The Evolution of Dating
The entire dating thing confuses me. Does it confuse anyone else, I wonder? I am not asking this question hypothetically. I really do wonder if anyone else is as confused by the societal process for selecting a sex partner, significant other, companion or soul mate that we in the United States refer to as dating. It has me stumped.
I guess, if I were in middle school, I could understand someone being completely obtuse and, well, stupid. I mean, we were all stupid in some way in middle school. We were learning. We were trying to figure out how to interact socially and the whole asking a gal out for a date was, I imagine, an intimidating thing. It’s understandable if a guy isn’t exactly smooth. (Not that smooth is the goal, but beyond fumbling for words might be?)
Then, in high school, we kind of have a little better idea of how the process works…it still can be awkward. What do you do if the creeper in Chemistry asks you to homecoming before the hunk you secretly admired in English Lit does? Do you, as my mother would say, either accept the first guy or don’t go at all? I don’t know. I went on a number of miserable dates working off that idea of politeness. My current attitude? If you don’t want to go out with him simply say, “No, thank you.”
In college, dating almost becomes easy. There’s plenty of fish in the proverbial pond and any time you cast your line, something acceptable (most of the time) is likely to be reeled in…if you are fishing in the right ponds. You might even be so fortunate and find your “soulmate” (though I wonder how possible this is when most people in college don’t even yet know who they are, let alone, what a soul mate might look or behave like). Or, maybe, at this point in the game you just get tired of the dating game and accept the next marriage proposal that comes along. “Hey!” You think to yourself, “This is a far cry better than moving back in with Mom and Dad after college.” So you do the traditional wedding thing, and find out, you don’t even like the guy much. 15 years and some children later and you find yourself back in the dating pool…or pond. But now, the rules have changed. Or…have they?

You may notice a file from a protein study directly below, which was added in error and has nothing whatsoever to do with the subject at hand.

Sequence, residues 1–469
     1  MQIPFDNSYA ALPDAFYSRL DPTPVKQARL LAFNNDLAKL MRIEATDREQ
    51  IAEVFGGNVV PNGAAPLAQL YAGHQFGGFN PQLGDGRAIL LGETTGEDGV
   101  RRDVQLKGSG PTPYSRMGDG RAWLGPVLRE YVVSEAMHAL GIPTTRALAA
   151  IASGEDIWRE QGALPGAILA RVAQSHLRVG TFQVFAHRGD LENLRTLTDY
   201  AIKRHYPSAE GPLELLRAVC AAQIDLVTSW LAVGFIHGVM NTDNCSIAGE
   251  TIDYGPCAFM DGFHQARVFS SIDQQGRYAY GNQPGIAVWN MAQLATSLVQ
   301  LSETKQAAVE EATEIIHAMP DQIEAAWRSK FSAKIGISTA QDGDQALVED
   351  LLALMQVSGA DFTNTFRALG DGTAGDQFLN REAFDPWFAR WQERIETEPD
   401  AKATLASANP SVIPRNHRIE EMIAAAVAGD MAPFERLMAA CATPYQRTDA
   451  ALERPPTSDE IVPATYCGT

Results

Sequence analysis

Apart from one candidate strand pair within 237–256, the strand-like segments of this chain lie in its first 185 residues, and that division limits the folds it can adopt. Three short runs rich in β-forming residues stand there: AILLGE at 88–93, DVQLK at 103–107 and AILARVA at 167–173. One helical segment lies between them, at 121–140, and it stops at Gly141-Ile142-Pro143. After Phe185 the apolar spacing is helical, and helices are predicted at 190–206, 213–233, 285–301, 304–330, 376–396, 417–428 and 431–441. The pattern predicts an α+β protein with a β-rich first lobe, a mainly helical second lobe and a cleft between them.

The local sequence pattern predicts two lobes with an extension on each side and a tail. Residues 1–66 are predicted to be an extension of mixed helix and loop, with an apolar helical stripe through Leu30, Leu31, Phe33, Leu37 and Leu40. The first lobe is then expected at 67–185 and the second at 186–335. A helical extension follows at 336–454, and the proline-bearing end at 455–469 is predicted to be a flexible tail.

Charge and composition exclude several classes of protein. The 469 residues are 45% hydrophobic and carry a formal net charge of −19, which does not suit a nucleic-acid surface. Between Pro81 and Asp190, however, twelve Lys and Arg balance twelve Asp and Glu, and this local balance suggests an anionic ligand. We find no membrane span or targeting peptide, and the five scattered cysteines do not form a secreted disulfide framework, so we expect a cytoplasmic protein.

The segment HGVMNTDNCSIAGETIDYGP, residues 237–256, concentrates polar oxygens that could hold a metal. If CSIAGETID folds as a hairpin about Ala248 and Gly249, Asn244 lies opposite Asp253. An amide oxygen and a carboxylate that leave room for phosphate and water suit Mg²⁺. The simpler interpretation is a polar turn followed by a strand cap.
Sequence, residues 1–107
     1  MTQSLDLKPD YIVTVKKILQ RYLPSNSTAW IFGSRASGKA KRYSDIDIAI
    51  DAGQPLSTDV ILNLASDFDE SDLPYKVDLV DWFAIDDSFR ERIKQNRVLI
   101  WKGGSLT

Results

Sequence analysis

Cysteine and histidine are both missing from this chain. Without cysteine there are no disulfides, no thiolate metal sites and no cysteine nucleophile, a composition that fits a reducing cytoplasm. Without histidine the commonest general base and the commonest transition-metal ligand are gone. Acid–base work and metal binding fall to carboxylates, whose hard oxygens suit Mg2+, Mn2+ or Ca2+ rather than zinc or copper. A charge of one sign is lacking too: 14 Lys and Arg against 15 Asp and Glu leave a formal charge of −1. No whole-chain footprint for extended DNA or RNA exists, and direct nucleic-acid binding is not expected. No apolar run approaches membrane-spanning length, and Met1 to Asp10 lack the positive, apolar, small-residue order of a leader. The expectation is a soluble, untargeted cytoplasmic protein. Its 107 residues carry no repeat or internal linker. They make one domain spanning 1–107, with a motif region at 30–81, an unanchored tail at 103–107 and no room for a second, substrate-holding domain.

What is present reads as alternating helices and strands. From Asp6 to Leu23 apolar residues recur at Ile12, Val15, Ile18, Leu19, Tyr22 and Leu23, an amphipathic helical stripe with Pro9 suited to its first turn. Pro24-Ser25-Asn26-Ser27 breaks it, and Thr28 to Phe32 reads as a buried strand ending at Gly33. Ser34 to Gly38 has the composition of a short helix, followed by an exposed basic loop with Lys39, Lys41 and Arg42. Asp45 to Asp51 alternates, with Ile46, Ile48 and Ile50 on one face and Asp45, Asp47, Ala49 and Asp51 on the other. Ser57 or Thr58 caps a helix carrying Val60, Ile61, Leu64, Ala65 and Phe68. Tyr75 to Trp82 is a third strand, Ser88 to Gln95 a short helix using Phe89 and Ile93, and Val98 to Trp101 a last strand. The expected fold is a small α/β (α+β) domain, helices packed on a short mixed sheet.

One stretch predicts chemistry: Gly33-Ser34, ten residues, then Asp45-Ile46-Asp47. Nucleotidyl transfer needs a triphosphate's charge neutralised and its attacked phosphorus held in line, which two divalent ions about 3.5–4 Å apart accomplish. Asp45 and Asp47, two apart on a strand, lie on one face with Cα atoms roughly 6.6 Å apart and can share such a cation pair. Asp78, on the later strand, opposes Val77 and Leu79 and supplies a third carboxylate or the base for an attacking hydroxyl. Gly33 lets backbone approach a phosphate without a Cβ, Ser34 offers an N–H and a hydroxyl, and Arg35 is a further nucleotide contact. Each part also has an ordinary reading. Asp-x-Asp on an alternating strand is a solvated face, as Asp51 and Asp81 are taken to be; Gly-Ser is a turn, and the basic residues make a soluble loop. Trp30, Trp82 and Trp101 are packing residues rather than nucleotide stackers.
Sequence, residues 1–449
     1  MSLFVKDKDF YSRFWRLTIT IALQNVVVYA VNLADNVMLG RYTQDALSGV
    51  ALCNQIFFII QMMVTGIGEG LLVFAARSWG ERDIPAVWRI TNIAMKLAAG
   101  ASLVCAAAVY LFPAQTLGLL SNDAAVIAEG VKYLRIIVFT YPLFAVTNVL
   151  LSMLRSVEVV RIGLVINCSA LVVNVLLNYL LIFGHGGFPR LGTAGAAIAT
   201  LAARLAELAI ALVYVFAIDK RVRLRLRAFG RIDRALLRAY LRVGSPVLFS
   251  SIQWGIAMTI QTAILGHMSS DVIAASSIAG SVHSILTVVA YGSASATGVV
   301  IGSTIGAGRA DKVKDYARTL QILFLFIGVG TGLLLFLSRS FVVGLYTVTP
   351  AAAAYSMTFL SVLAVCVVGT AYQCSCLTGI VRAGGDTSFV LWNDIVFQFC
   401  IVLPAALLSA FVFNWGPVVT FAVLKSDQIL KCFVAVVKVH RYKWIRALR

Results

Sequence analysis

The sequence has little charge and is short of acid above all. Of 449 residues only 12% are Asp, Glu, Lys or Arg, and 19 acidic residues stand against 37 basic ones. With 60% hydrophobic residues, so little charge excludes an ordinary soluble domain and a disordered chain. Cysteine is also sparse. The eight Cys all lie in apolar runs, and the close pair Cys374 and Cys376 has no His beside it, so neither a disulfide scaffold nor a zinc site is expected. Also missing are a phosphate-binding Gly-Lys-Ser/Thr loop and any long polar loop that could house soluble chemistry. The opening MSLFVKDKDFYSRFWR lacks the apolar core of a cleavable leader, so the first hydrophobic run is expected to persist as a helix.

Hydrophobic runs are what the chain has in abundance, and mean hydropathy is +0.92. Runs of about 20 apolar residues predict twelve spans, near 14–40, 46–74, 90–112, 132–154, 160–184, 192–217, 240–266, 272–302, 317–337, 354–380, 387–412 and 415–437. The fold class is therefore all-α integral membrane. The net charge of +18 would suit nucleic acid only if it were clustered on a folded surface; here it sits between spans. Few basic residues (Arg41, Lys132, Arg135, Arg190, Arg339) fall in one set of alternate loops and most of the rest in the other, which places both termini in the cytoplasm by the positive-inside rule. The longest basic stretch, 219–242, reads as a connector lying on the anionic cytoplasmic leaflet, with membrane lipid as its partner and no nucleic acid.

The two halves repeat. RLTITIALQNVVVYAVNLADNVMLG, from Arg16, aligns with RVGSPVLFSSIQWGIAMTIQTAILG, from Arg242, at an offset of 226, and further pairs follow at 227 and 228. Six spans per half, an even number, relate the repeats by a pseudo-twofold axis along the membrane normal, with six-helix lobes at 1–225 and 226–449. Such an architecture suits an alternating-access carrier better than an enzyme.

This post-college, post-marriage-and-divorce dating world seems so similar to the dating of younger years, but in so many ways, it is not. The men are older. They usually have some experience with women. They can, at least, carry on a conversation without sweating beading up on their upper lip or without stumbling over ever single word. Things are a bit more polished at this end, if not any more comfortable.